We made our way to and up to the lighthouse where again a guide was providing lots of information whilst also trying his best to tell people to climb down the ladder backwards. His audience was continually changing but he didn’t appear to repeat any information and it was unclear if he ever would so I went outside to take in the nice views before going back down.
We continued our way around the site and reached the Aboriginal culture display. The guide seemed to be particularly emotional when he voiced his thoughts on various topics but that made the encounter all the more interesting. It was interesting to know that prior to European settlement there had been 30 main languages across Victoria alone so whilst Australia is now one country, there was a time when it was split like Europe. The guide also told us that a new constitution will be put before the Australian population within 2 years and whilst he didn’t think it would go far enough it’ll be interesting to see how things develop.
Leaving the lighthouse we drove to Aire River Bridge where we had decided to do a walk from the dunes up to a lookout with views of the escarpment. On the way up we saw two snakes which looked to be copperhead snakes which doubled the number I have encountered however apart from a few birds we didn’t see any other wildlife of note. I don’t think I’ve become blase to the Australian scenery but I’ve probably become slightly spoilt with my adventures in the past month. The view of the river mouth was nice, but I didn’t think it was spectacular though that may have been because it was overcast. We saw more koalas back at the carpark and one of the locals spent some time chatting to us.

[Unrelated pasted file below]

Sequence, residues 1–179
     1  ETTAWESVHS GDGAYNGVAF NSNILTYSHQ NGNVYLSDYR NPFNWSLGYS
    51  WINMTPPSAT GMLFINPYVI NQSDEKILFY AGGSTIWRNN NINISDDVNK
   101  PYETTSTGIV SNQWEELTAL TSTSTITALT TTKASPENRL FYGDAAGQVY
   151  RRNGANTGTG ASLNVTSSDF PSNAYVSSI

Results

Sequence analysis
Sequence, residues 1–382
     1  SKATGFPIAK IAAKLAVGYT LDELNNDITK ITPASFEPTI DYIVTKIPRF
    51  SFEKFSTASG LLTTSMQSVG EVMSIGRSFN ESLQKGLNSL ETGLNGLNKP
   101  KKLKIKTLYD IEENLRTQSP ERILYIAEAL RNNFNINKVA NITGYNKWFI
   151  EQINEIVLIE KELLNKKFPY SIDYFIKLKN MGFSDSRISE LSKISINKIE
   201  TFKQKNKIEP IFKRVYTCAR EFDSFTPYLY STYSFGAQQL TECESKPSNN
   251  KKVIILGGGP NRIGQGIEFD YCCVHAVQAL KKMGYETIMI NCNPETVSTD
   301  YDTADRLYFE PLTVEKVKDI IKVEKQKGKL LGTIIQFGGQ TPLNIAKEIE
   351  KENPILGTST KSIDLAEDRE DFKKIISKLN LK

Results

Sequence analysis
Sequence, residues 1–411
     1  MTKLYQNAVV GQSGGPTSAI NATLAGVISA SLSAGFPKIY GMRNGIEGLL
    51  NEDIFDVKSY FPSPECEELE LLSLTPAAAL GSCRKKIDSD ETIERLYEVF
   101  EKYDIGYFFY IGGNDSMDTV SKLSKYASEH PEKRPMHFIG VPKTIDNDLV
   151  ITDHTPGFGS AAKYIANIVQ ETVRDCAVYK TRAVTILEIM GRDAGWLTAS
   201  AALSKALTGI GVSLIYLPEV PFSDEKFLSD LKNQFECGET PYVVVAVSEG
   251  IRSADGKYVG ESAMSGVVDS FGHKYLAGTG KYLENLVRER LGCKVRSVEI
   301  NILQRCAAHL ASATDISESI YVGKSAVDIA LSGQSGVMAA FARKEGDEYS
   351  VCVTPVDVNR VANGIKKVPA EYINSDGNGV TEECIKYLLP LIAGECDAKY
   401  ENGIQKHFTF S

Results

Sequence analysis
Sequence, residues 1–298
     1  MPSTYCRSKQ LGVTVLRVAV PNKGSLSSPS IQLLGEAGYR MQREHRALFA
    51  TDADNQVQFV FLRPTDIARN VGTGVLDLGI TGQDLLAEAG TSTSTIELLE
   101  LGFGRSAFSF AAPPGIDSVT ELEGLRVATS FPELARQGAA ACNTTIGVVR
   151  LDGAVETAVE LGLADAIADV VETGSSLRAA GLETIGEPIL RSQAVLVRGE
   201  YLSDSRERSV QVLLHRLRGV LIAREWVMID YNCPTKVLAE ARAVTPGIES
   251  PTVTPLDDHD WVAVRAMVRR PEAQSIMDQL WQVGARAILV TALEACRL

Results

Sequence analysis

We had already done a lot of exploring of the Great Otway National Park though I still suggested we stop off at Maits Rest where I had done a short 30 minutes walk a month before through a rainforest. We saw different types of trees including the Myrtle Beech tree however whilst it had just stopped raining it hadn’t encouraged any of the unique wildlife out.
We returned back to Apollo Bay where I finally decided to eat some Barramundi as I felt that was the only animal available in Australia I’d not tried. I convinced dad to try Kangaroo steak and I don’t think he was disappointed though Jenny couldn’t bare the thought of eating poor Skippy.